Ruth L. Ozeki
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About Ruth L. Ozeki
Ruth Ozeki (born March 12, 1956) is an American-Canadian novelist, filmmaker and Zen Buddhist priest. She worked in commercial television and media production for over a decade and made several independent films before turning to writing fiction.
Bio from Wikipedia, the free encyclopedia. Photo by Latrippi (Own work) [CC BY-SA 3.0 (http://creativecommons.org/licenses/by-sa/3.0)], via Wikimedia Commons.
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Titles By Ruth L. Ozeki
“Inventive, vivid, and propelled by a sense of wonder.” —TIME
“If you’ve lost your way with fiction over the last year or two, let The Book of Form and Emptiness light your way home.” —David Mitchell, Booker Prize-finalist author of Cloud Atlas
Longlisted for the Women’s Prize for Fiction
A boy who hears the voices of objects all around him; a mother drowning in her possessions; and a Book that might hold the secret to saving them both—the brilliantly inventive new novel from the Booker Prize-finalist Ruth Ozeki
One year after the death of his beloved musician father, thirteen-year-old Benny Oh begins to hear voices. The voices belong to the things in his house—a sneaker, a broken Christmas ornament, a piece of wilted lettuce. Although Benny doesn't understand what these things are saying, he can sense their emotional tone; some are pleasant, a gentle hum or coo, but others are snide, angry and full of pain. When his mother, Annabelle, develops a hoarding problem, the voices grow more clamorous.
At first, Benny tries to ignore them, but soon the voices follow him outside the house, onto the street and at school, driving him at last to seek refuge in the silence of a large public library, where objects are well-behaved and know to speak in whispers. There, Benny discovers a strange new world. He falls in love with a mesmerizing street artist with a smug pet ferret, who uses the library as her performance space. He meets a homeless philosopher-poet, who encourages him to ask important questions and find his own voice amongst the many.
And he meets his very own Book—a talking thing—who narrates Benny’s life and teaches him to listen to the things that truly matter.
With its blend of sympathetic characters, riveting plot, and vibrant engagement with everything from jazz, to climate change, to our attachment to material possessions, The Book of Form and Emptiness is classic Ruth Ozeki—bold, wise, poignant, playful, humane and heartbreaking.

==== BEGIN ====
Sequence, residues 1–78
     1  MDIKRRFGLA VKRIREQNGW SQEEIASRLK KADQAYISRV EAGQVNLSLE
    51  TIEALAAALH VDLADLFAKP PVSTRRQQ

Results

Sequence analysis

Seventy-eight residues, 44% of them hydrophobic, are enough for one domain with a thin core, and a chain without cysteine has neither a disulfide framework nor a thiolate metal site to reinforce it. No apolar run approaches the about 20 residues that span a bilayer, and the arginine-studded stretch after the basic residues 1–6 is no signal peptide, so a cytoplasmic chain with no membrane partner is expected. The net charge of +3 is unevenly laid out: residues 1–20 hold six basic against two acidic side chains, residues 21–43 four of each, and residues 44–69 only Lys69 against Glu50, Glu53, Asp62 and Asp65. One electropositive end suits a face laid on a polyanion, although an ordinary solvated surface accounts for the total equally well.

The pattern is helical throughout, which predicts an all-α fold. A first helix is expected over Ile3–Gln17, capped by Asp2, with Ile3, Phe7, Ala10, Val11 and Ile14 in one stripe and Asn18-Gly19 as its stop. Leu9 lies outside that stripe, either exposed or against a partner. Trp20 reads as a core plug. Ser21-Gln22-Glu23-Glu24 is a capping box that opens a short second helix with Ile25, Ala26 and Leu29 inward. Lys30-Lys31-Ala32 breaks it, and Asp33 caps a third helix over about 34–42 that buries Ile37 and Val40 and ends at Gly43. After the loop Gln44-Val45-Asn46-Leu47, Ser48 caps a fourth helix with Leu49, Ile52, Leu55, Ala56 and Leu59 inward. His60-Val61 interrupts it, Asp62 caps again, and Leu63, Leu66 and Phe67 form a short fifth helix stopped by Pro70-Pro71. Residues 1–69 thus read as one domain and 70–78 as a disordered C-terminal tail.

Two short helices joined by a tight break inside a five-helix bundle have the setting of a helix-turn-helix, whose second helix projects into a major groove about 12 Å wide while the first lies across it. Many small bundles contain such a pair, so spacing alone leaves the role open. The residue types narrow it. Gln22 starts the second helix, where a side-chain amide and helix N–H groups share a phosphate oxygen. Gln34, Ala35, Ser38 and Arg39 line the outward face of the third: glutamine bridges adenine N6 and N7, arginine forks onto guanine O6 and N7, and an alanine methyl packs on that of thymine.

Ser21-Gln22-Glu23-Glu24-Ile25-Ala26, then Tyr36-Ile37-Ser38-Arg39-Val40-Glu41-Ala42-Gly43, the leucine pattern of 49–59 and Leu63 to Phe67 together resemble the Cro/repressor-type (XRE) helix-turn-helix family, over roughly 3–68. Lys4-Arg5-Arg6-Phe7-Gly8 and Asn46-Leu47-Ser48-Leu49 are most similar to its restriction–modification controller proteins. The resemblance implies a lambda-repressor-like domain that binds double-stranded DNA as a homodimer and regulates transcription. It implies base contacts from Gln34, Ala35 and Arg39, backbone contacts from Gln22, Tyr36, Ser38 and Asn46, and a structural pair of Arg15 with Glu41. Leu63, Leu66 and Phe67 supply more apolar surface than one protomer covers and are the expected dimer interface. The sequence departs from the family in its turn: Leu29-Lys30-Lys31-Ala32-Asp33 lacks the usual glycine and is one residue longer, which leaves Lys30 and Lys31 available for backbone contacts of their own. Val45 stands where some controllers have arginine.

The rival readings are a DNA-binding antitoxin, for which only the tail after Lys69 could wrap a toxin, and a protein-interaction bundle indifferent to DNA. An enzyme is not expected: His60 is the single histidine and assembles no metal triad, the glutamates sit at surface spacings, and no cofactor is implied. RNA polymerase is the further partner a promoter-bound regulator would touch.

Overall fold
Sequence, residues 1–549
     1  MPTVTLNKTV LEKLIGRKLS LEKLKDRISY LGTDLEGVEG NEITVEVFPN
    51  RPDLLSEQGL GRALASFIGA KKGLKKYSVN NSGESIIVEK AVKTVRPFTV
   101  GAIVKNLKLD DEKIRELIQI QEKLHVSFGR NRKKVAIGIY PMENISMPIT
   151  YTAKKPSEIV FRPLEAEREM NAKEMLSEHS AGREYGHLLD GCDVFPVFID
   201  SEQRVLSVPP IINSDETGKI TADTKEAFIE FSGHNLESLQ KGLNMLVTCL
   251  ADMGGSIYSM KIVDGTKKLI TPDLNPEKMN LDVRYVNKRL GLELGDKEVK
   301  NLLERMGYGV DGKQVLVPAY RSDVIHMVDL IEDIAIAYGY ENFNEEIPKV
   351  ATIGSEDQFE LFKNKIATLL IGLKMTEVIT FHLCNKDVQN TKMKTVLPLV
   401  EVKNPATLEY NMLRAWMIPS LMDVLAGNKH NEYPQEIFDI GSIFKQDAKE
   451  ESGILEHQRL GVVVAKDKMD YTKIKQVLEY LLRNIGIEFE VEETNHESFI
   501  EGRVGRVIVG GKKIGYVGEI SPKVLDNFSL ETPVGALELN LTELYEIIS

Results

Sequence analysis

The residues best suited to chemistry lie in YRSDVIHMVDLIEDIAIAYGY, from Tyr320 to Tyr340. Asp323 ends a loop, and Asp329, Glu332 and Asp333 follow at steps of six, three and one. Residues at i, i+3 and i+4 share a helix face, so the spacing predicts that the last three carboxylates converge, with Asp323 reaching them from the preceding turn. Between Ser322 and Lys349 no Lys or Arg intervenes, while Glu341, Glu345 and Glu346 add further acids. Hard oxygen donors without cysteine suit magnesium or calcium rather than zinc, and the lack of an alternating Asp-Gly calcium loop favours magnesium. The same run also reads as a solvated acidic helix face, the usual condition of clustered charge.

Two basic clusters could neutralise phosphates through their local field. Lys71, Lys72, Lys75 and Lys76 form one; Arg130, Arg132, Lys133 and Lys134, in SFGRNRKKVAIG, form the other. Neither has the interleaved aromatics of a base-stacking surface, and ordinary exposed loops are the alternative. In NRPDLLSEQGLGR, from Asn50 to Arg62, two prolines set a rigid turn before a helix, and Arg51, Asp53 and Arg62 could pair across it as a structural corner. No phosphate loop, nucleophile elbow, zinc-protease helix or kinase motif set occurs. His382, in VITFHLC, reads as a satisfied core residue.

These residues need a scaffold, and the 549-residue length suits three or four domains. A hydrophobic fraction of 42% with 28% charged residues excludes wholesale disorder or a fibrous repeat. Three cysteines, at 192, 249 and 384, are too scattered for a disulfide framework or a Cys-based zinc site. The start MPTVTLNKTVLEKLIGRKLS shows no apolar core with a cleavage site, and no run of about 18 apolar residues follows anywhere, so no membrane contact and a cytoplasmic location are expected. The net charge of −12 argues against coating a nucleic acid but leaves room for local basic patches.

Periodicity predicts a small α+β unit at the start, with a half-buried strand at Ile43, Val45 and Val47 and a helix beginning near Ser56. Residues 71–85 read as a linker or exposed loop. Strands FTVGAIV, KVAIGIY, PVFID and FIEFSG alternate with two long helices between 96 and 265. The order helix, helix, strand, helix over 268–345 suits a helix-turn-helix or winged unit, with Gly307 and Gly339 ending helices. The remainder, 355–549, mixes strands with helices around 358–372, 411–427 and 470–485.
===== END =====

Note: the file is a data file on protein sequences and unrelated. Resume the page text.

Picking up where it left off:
Finalist for the Booker Prize and the National Book Critics Circle Award
“A time being is someone who lives in time, and that means you, and me, and every one of us who is, or was, or ever will be.”
In Tokyo, sixteen-year-old Nao has decided there’s only one escape from her aching loneliness and her classmates’ bullying. But before she ends it all, Nao first plans to document the life of her great grandmother, a Buddhist nun who’s lived more than a century. A diary is Nao’s only solace—and will touch lives in ways she can scarcely imagine. Across the Pacific, we meet Ruth, a novelist living on a remote island who discovers a collection of artifacts washed ashore in a Hello Kitty lunchbox—possibly debris from the devastating 2011 tsunami. As the mystery of its contents unfolds, Ruth is pulled into the past, into Nao’s drama and her unknown fate, and forward into her own future.
Full of Ozeki’s signature humor and deeply engaged with the relationship between writer and reader, past and present, fact and fiction, quantum physics, history, and myth, A Tale for the Time Being is a brilliantly inventive, beguiling story of our shared humanity and the search for home.
Ruth Ozeki’s mesmerizing debut novel has captivated readers and reviewers worldwide. When documentarian Jane Takagi-Little finally lands a job producing a Japanese television show that just happens to be sponsored by an American meat-exporting business, she uncovers some unsavory truths about love, fertility, and a dangerous hormone called DES. Soon she will also cross paths with Akiko Ueno, a beleaguered Japanese housewife struggling to escape her overbearing husband. Hailed by USA Today as “rare and provocative” and awarded the Kirayama Prize for Literature of the Pacific Rim, My Year of Meats is a modern-day take on Upton Sinclair’s The Jungle for fans of Michael Pollan, Margaret Atwood, and Barbara Kingsolver.
A revelatory short memoir from the bestselling author of A Tale for the Time Being and Zen Buddhist priest Ruth Ozeki about how her face has shaped and been shaped by her life.